Single Chemical Entity Legal Highs: Assessing the Risk for Long Term Harm
Carolyn B. McNabb, Bruce R. Russell, Daniele Caprioli, David J. Nutt, Simon Gibbons and Jeffrey W. Dalley
Affiliation: University of Auckland, Auckland, New Zealand.
A recent and dramatic increase in the emergence of novel psychoactive substances (‘legal highs’) has left many
governments unable to provide a timely response to an increasing number of potentially harmful drugs now available to
the public. In response to this rapid increase in lawful drug use, the UK government intends to implement temporary class
drug orders, whereby substances with a potential for misuse and harm can be regulated for a 12 month period. During this
period an investigation of the potential for harms induced by these drugs will take place. However, the short time-frame in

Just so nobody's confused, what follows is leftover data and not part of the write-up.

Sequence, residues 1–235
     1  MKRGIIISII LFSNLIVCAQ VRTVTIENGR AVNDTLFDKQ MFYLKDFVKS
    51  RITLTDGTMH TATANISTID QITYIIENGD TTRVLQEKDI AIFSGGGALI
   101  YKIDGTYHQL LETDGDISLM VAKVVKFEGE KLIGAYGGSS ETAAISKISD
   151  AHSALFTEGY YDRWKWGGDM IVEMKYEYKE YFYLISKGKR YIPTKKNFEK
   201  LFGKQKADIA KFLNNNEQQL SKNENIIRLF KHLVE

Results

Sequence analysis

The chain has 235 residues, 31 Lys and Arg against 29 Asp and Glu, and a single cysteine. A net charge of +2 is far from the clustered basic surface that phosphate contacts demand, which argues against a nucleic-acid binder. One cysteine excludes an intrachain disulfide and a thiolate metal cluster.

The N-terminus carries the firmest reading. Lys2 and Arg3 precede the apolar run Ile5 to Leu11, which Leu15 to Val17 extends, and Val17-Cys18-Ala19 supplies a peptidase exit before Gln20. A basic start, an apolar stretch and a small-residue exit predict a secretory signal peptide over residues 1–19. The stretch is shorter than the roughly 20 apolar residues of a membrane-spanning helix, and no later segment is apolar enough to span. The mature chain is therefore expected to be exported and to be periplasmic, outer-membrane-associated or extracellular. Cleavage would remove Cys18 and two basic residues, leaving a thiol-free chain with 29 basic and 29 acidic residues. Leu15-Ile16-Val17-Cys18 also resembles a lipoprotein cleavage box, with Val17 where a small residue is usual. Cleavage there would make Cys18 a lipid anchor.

which information must be gathered, and the paucity of data available on novel psychoactive substances, means that
robust pharmacological and toxicological analyses may be replaced by extrapolating data from illegal drugs with similar
chemical structures. This review explores the potential pharmacology and toxicology of past and present ‘legal highs’ and
discusses the risks of failing to carry out in-depth scientific research on individual substances.
Keywords: Amphetamines, BZP, cocaine derivatives, designer drugs, hallucinogens, legal highs, mephedrone, party pills
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